Baltic Sea action plan short on actions



Posted on 15 November 2007  | 
Sunset over the Baltic Sea. Finland.
Sunset over the Baltic Sea. Finland.
© WWF / Paivi RosqvistEnlarge
Krakow, Poland – A plan to achieve a good ecological status of the Baltic Sea lacks strong commitments to protect one of the world’s most threatened marine ecosystems, says WWF.

The Baltic Sea Action Plan (BSAP), intended to ‘drastically reduce pollution to the Baltic Sea and restore its good ecological status by 2021’ was adopted today by Ministers of the Environment and Senior Government Officials from the Baltic Marine Environment Protection Commission (HELCOM) Member States and the European Community in Krakow, Poland.

According to WWF, the BSAP plan being celebrated today falls far short of its lofty ambitions.

“Originally, the proposed text of the plan did indeed include many of the ambitious actions and tough decisions that are so urgently needed. Over time, however, the plan has been successively weakened due to political and economic disagreements between HELCOM governments and the European Community,” said Pauli Merriman of WWF.

“Instead, the BSAP is now high on rhetoric but devoid of the very actions and commitments which were the reason the BSAP was originally conceived. What is left is yet another declaration which promises to ‘save the Baltic’ but offers little in the way of binding commitments” says Pauli Merriman of WWF.

According to WWF, the BSAP rarely steps beyond actions which have already been agreed and negotiated in other fora. In some cases, it is even weaker than previously negotiated texts.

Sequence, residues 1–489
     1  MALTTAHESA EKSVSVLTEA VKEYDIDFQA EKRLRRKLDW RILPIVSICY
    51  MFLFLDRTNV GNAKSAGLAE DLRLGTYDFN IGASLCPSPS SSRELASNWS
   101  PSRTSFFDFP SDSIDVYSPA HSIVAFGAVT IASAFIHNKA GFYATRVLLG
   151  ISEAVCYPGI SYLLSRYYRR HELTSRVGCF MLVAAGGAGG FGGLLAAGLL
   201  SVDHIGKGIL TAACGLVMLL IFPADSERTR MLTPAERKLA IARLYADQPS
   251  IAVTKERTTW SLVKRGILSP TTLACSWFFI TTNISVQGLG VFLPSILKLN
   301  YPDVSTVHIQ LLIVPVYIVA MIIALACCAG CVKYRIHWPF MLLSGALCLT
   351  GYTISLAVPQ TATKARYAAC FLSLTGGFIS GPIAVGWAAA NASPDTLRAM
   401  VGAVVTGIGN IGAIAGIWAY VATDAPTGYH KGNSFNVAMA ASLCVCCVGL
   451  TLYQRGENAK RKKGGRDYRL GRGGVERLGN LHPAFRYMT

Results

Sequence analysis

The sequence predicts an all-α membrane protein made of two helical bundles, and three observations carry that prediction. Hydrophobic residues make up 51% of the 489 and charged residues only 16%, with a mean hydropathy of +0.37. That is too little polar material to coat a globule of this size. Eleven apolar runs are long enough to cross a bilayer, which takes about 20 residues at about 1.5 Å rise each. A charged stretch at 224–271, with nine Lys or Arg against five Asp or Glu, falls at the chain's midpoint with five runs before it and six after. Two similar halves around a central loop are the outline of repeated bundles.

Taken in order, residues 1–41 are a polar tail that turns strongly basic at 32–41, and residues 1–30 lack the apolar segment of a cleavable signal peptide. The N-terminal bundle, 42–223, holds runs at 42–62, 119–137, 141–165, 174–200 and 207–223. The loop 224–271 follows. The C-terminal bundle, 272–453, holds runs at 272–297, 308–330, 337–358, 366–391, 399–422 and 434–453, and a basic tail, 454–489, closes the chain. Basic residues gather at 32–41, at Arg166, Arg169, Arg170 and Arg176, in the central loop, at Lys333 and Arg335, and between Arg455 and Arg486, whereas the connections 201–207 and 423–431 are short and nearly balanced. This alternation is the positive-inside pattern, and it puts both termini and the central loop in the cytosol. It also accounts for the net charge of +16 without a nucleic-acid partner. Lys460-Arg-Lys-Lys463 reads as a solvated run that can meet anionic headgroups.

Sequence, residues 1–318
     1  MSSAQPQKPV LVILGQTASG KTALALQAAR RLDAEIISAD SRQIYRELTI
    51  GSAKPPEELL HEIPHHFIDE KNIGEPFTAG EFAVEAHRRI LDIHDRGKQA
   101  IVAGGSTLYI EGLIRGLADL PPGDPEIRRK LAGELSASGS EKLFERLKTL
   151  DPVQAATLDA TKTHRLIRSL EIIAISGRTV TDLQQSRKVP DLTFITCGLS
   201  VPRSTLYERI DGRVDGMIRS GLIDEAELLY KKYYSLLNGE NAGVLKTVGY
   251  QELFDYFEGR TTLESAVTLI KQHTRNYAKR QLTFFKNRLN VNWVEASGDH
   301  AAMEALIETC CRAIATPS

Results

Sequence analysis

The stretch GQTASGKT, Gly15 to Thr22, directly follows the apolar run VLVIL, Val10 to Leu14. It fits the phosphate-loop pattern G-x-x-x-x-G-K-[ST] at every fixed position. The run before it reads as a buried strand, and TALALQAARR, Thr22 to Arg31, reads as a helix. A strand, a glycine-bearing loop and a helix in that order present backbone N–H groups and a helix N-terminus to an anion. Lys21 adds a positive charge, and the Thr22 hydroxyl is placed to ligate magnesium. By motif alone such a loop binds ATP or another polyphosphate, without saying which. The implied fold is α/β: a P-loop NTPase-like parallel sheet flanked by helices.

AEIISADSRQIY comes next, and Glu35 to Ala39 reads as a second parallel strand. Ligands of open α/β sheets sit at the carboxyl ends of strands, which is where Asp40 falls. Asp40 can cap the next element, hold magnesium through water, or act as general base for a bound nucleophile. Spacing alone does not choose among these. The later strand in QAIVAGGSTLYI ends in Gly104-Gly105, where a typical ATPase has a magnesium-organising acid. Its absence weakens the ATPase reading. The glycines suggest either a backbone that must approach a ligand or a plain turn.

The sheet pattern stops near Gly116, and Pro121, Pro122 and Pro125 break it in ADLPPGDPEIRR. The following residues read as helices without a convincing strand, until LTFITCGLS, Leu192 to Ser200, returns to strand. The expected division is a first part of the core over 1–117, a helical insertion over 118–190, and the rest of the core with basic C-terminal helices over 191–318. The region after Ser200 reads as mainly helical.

In their position statement WWF outlined what they believed to be some of the major failures of the plan and traced these failures to the lack of political will and leadership of the governments.

“Without the support of the highest level of government of each Baltic Sea state the environmental challenges of the Baltic Sea cannot be tackled by the BSAP in a comprehensive and integrated way. Ministers from Denmark, Germany, and Latvia didn’t even attend the meeting, indicating just how prioritized this process is for their governments” said Jochen Lamp from WWF.

Despite the plans overall shortcomings, WWF maintains that the original intention of the BSAP remains valid and urges Prime Ministers/Presidents around the region to take responsibility to initiate a process to actually deliver what was originally promised by their governments – to take dramatic action to save the Baltic.” says Jochen Lamp from WWF.

For further information:

Jochen Lamp, Tel. +49 162 29 144 27, lamp@wwf.de
Pauli Merriman, Tel. +46 70 105 30 54, pauli.merriman@wwf.se

Notes to the editors:

  • HELCOM launched the Baltic Sea Action Plan (BSAP) process nearly two years ago and WWF has been an active participant in the ongoing stakeholder process to develop the plan. WWF participated as an official observer to the Ministerial meeting today, in a statement made on behalf of the environmental NGOS, stated its concern that this plan lacks the very tough actions and commitments which are needed to achieve its objectives.
  • WWF’s position statement on the HELCOM Baltic Sea Action Plan is available on: www.panda.org/balticmarinerescue
  • For more detail on the background, goals and objectives of the HELCOM Baltic Sea Action Plan please visit: http://www.helcom.fi/BSAP/en_GB/About_BSAP/



Sunset over the Baltic Sea. Finland.
Sunset over the Baltic Sea. Finland.
© WWF / Paivi Rosqvist Enlarge

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